On Mother Teresa’s birthday, her tomb is smothered with bouquets. Women come to pray, the pallus of their saris pulled over their head, their sindoor still visible in the parting of their hair. Politicians show up with an entourage of school children, born long after Mother died, all carrying Mother Teresa posters. There are birthday cards and candles on the tomb. The box with folded chits of prayers seeking Mother’s intercession is almost overflowing. A little girl whispers to her mother, “Will Mother Teresa understand if I write in Bangla?”.
Freddie Dickson from Howrah sits there quietly with a rosary. He has close cropped hair and his arms are tattooed with pictures of Jesus and Mary.
“Only Biblical tattoos,” he tells me and then adds sheepishly, “But now the Church says your body is a temple. You should not have tattoos. So I ask Mother to forgive me.”
He says praying to Mother helped him deal with problems of addiction. He prayed for a friend struggling with alcoholism and to his surprise, that friend, on his own, wanted to come to church.
“I don’t say it’s a miracle, but whatever I ask for so far I’ve been granted, touching her tomb and talking to her,” he says. He prayed to her when he lost his passport. Within one day someone came all the way across town to give it back to him.
“I was like, what is this? What’s happening,” marvels Dickson.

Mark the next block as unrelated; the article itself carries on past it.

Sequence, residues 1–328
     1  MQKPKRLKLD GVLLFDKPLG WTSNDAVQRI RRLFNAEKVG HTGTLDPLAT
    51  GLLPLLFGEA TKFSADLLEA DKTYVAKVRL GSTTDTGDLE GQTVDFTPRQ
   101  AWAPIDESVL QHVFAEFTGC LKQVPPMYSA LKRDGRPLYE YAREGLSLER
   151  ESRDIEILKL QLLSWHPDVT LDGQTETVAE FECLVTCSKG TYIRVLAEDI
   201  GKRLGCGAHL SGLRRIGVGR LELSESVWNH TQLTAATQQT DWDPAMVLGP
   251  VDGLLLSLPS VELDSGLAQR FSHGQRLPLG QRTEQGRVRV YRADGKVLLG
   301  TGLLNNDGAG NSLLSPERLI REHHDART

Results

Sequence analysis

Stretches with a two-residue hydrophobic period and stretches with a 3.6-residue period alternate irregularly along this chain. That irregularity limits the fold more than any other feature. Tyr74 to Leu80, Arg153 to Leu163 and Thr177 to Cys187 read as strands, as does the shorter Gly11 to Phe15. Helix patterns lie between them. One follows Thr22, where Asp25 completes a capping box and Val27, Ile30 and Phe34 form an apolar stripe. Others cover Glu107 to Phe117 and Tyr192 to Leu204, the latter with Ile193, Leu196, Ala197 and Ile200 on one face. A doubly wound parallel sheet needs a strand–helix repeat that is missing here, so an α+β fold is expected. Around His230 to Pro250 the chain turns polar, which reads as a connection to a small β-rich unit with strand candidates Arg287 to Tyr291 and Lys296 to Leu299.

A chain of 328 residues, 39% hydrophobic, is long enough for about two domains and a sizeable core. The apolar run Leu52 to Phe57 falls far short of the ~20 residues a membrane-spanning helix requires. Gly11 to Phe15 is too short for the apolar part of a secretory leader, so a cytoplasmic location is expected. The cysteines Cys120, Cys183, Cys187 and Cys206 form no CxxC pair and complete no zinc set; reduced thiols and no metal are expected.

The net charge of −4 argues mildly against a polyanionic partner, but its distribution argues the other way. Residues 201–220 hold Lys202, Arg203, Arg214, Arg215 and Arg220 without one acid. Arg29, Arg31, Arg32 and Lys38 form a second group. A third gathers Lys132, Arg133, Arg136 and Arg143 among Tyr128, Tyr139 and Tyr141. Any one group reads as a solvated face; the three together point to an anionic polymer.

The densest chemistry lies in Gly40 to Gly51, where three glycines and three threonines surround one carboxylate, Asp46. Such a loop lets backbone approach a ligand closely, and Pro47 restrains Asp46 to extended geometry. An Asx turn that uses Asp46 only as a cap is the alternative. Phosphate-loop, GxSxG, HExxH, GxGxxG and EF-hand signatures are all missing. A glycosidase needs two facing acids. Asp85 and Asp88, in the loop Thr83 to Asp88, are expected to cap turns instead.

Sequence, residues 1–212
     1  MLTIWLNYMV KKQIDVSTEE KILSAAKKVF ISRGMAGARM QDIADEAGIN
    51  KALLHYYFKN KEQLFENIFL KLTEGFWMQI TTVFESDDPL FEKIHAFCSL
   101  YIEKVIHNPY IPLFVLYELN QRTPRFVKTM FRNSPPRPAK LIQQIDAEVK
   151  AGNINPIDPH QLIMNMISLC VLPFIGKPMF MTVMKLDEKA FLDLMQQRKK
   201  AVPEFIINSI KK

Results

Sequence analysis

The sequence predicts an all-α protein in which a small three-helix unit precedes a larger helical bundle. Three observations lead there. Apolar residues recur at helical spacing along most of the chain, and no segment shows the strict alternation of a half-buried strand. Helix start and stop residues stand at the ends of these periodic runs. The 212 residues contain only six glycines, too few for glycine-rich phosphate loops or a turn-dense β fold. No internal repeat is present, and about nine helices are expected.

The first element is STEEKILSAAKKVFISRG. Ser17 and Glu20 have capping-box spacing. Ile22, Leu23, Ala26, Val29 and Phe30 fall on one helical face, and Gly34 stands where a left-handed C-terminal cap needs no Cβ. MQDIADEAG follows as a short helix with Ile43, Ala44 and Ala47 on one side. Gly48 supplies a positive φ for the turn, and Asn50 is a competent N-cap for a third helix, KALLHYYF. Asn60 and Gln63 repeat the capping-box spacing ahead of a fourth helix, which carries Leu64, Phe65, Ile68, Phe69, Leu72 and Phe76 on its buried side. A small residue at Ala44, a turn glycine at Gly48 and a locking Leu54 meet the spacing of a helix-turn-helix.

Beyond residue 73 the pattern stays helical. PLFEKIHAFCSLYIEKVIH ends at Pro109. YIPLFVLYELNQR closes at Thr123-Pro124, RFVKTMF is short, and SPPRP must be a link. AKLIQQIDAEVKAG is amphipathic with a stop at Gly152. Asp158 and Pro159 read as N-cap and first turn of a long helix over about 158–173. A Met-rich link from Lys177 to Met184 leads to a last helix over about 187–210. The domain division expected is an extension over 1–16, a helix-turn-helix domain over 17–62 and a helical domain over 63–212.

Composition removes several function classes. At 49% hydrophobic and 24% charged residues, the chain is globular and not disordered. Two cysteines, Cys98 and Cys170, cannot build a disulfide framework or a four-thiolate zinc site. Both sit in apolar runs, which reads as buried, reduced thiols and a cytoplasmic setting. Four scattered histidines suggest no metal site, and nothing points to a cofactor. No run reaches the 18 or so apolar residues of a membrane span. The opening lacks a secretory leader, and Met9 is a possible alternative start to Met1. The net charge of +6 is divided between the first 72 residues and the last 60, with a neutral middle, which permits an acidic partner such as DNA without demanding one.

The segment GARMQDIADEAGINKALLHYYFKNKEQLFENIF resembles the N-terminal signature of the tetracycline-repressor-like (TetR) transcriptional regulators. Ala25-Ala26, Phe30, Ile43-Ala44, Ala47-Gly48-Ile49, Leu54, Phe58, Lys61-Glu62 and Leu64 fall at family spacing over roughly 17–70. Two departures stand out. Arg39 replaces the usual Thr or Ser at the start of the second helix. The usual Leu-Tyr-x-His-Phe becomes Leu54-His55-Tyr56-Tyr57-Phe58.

It seems banal that the Nobel Peace Prize winner, this global icon, beloved of both Princess Diana and the Duvalier dictators, should now be finding misplaced passports. But like beggars, saints cannot be choosers.
It would be wrong to say Kolkata remains obsessed with Mother Teresa, but the world certainly persists in seeing Kolkata through her work. Just this week, scores of reporters from outlets all over the world have descended on the city, braving the muggy heat and pouring rain to rediscover Mother Teresa’s legacy.
The inheritors of Mother Teresa’s legacy indulge them and tell them well-worn stories of little miracles. Sunita Kumar, longtime spokeswoman of Mother House remembers how just hours before Mother Teresa died she told her about her son’s stubborn hepatitis problem. Soon after she died, she had her son tested again. His blood count was normal. Kumar is not Christian. She’s a practicing Sikh married to an Arya Samaji.
“We go to the gurdwara and have our Akhand path,” she says. “But I also pray at Mother’s chapel. What is there in praying to anybody? It’s a matter of faith.”
Nurul Islam too has his stories about Mother Teresa. He remembers an accident in the neighbourhood and how the boys surrounded the vehicle with sticks and stones ready to break the windshield and beat up the driver. Mother Teresa saw it and went over.
“Everyone just melted away,” says Islam. “It was amazing to watch.”
He remembers how his nephew urgently needed money for treatment, at least Rs 10,000.
“I was desperate. Suddenly three foreigners came and picked up all kinds of Mother Teresa stuff that had been sitting around for months. Tell me what you make of that,” he says.
As Mother Teresa becomes St Teresa of Kolkata, Islam has stocked up on merchandise. He admits that though there’s a lot of media attention, souvenirs are not flying off the shelf.
“But there’s still a few days,” he says. “I think it will pick up soon.”
As he speaks the door opens and he looks around hopefully. But it’s someone looking, not for Mother Teresa artefacts, but a 1 litre bottle of Sprite. Islam obliges with a smile. Every penny counts.
Come to think of it, Mother Teresa would probably have heartily approved.